Who says this type of marketing isn’t effective? Do other physicians really think they are invincible from the powers of persuasion? How many doctors actually engage in this type of marketing for drug companies? What role do ethics play in the decision to speak or not to speak on behalf of the insurance company?

The truth is that previously many physicians engaged in this type of pharmaceutical “detailing”. While the median physician salary of 140,000 annually may be representative of a good salary, the additional $30,000 in supplemental income is quite alluring. In addition, to the monetary earnings earning respect based on reputation is important among colleagues. At least 25% of U.S. doctors are still receiving drug money for lecturing to physicians or assisting drug companies in other ways. Many physicians engage in this type of career appendage and perhaps go in with the purest of intentions; nonetheless, ethics are being violated when the physicians are not relaying accurate and appropriate information about the new medications that they are pushing, and much of the information that they are giving is provided to them from the pharmaceutical companies.

PhRMA, Pharmaceutical Research and Medical Practices of America are part of an ongoing effort to ensure that pharmaceutical marketing organizations practice with the highest ethical standards. In January 2009, the voluntary PhRMA Code on Interactions with Healthcare Professionals took effect and its focus was developed to keep representatives from drug companies and healthcare professionals centered on patient care. It is committed to making sure that drug representatives are provided with the most current, accurate, and reliable information to assist in their decision making on drug selection. Amongst its changes, “prohibits distribution of no-educational items (Such as pens, mugs and other “reminder” objects typically adorned with a company or product logo). It prohibits company sales representatives from providing restaurant meals to healthcare professionals, but allows them to provide occasional meals in healthcare professionals’ offices in conjunction with informational presentations. The Code also reaffirms and strengthens previous statements that companies should not provide any entertainment or recreational benefits to healthcare professionals. It includes new provisions that require companies to ensure that their representatives are sufficiently trained about applicable laws, regulations, and industry codes and practice. Companies are also asked to periodically access whether or not the representatives are abiding by the codes.” (PhRMA) CEO’s and Compliance Officers will have a process in place patterned after the Sarbanes – Oxley compliance, other changes to the code reflects PhRMa’s support of transparency in relation to healthcare professionals.

There is necessary education offered to interested parties regarding marketing techniques and physicians’ outlooks on pharmaceutical products, diagnoses and expected and proven outcomes. Since Pharmaceutical products must be marketed differently than other healtcare industry products for sale and there are distinct diversions for implementing successful marketing. The potential user or patient, must be granted a prescription from the prescribing physician. Proper use of the pharmaceutical is key which provides favorable or unfavorable outcomes. Within the public health sector, determinations on accessible drugs may very well be taken based on politics, which undoubtedly broadens the scope of advertising and marketing strategies in this field, replacing advertising by appealing via petitions through lobbyism. Various marketing schemes play into different levels of interests such as financial, scientific gain or even personal. Academic conferences and medical journals provide varying mediums for exposure.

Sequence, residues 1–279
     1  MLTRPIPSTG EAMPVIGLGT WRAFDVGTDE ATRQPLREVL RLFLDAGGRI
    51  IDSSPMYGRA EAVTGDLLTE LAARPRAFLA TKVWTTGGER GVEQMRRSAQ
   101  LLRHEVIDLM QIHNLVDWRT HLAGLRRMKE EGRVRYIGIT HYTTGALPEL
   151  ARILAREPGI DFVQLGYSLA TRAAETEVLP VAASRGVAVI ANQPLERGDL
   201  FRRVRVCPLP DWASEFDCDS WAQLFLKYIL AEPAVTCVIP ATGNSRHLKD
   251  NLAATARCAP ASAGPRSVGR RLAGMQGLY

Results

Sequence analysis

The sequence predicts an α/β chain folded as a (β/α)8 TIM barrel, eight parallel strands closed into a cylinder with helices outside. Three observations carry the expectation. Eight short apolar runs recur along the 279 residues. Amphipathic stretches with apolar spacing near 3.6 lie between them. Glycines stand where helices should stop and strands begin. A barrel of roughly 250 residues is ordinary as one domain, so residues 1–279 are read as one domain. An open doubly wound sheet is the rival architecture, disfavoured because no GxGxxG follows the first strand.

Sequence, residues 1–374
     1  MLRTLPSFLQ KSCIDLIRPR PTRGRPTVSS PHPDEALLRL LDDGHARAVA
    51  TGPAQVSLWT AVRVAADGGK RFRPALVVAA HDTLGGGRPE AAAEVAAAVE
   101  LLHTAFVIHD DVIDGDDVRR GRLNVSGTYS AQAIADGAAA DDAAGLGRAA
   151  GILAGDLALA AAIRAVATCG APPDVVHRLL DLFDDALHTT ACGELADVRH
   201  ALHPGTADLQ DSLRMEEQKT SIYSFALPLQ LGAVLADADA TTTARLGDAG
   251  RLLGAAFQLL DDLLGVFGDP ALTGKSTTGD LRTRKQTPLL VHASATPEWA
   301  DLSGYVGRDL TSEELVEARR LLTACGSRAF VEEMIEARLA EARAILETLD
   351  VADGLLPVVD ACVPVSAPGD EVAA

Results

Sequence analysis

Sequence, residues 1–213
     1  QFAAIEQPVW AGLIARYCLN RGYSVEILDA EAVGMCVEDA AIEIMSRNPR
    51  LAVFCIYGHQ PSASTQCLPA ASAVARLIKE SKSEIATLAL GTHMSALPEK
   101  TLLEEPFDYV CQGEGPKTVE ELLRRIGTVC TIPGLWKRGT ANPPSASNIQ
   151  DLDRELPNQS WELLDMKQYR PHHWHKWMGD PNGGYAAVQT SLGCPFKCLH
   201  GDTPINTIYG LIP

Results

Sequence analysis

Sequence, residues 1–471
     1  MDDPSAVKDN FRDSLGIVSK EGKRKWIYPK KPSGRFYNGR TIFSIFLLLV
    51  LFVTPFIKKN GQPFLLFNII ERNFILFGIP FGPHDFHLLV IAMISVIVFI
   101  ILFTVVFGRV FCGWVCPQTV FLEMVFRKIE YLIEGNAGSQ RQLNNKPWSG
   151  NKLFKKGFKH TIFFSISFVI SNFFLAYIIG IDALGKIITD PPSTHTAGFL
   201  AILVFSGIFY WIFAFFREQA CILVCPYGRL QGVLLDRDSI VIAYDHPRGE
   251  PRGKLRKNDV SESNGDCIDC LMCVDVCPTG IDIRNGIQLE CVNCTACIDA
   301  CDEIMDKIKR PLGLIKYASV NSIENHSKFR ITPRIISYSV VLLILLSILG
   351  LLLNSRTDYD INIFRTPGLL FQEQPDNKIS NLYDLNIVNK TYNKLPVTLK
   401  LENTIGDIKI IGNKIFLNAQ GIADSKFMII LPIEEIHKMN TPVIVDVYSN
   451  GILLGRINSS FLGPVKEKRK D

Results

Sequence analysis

Ethical pharmaceutical trials developed arguments depends on knowledge, outcomes and concrete unbiased facts. This type of knowledge requires transparency, a level of transparency being sought after throughout the healthcare industry as a whole. The pharmaceutical industry requires skilled marketing experts to ensure that all aspects of reaching targeted audiences effectively are exceeded, not just met. Those regulations developed by the Pharmaceutical Research and Manufacturers of America and nofreelunch.org, which are not law, were developed to promote transparency. A doctor as a pharmaceutical representative shares his personal story about lecturing on a particular drug. There are ethical guidelines developed specifically for the healthcare industry that includes the pharmaceutical industry. AdvaMed’s Code of Ethics, in particular, is a model for appropriate ethical behaviors within the healthcare industry that outlines specific recommendations for the drug industry. AdvaMed addresses parameters covering educational grants, modest meals and hospitality, faculty expenses, and advertisements. In presenting the issues of unethical behaviors, it is imperative to understand the prevalence based on historical and current behaviors in society and the ever-evolving methods developed to discourage physician kickbacks in the pharmaceutical industry.

Though AdvaMed’s Code of Ethics regulations do not mandate their guidelines be adhered to, health care organizations are strongly urged to utilize and enforce their codes can assist in eliminating and curtailing unethical behaviors that lead to lawsuits that actually develop in to Case Studies. As long as viable codes of ethics are followed, fear of transparency can be removed. Acceptably ethical behaviors will indeed help aid in the inevitable reformation efforts that this nation continues to experience.